No one seemed to care that N.Y. Times columnist and heath guru Jane Brody pooh-poohed evidence to not wash chickens, but several people wrote to say, what is that recipe for buckwheat pancakes? This is a modified version of a recipe in a book – those paper-based things that used to exist – by Jane Brody. The family likes it (that’s my Benjamin Button-like mom, who seems to look younger as she gets older, along with 20-year-old daughter, Braunwynn, and the other usual suspects). 1 cup buttermilk (which is so bloody expensive in Australia I just add lime juice to lite milk) I egg 1 tbsp vanilla oil, if you want honey, if you want 2 cups buckwheat flour 1 tbsp baking powder 1 tsp baking soda dash of salt Garnish with fruit (they liked the mango) and maple syrup (from Canada, eh? Thanks mom).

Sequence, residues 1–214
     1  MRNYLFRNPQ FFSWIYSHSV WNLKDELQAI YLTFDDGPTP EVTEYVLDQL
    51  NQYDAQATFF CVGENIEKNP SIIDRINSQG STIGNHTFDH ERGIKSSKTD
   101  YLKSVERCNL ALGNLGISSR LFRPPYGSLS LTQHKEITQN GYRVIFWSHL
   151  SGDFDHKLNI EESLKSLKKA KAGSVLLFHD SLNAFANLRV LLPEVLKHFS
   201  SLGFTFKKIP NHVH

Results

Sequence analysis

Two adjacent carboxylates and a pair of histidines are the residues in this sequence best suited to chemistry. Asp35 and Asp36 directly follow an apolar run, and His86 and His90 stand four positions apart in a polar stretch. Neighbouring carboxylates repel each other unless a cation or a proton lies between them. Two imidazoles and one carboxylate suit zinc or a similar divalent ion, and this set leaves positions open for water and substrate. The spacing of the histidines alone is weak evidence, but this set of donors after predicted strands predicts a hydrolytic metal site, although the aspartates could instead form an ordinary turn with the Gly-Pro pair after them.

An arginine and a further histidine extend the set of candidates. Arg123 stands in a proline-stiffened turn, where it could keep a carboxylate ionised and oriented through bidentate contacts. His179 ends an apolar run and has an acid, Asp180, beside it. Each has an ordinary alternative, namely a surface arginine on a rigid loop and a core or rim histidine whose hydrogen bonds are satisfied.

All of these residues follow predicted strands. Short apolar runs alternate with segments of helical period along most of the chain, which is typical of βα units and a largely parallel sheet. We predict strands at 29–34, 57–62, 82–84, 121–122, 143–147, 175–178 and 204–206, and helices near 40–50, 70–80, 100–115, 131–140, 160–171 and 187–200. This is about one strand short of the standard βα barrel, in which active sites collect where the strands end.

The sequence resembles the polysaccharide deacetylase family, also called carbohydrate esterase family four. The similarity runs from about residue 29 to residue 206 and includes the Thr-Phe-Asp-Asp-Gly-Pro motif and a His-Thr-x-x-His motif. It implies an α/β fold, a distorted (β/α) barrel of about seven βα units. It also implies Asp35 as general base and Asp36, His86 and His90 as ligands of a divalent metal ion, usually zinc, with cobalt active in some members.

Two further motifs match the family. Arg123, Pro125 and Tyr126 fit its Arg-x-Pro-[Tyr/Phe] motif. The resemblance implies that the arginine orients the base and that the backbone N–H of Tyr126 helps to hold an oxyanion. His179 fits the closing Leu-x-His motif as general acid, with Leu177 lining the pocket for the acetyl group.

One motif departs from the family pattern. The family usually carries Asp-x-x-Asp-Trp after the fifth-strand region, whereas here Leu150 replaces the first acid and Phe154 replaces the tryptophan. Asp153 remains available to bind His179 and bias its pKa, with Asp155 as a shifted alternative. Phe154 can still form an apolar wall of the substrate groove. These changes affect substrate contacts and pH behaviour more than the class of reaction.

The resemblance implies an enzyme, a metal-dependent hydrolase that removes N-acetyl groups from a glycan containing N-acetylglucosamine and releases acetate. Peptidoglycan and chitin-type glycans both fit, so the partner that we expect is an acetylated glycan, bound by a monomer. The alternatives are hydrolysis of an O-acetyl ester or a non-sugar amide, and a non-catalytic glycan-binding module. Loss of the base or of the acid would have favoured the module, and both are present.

People are experts in communication in that most of us talk; people are experts in food safety in that most of us eat.
So it’s no wonder the level of confusion and disagreement amongst talkers and eaters.
Jane Brody, long-time talker and eater with the N.Y. Times, wrote yesterday that “people, not products, are the main cause of foodborne illnesses, and they can be avoided by following certain basic principles of food safety.”
Except Brody doesn’t follow all of them; like most experts, she cherry-picks to validate her ingrained and cultural preferences (don’t we all use the Internet to prove how right we are?).
Brody writes, “Although some suggest that poultry and meats not be rinsed lest they contaminate the sink, I find that hard to avoid. Instead, I rinse them, then clean the sink with a bleach spray. And I do use clean paper towels to dry raw food.”
I’ve used Jane Brody’s buckwheat pancake recipe for 25 years. The five daughters love it. But she’s wrong on washing chicken. That’s ol’ timey.
Go evidence or go home.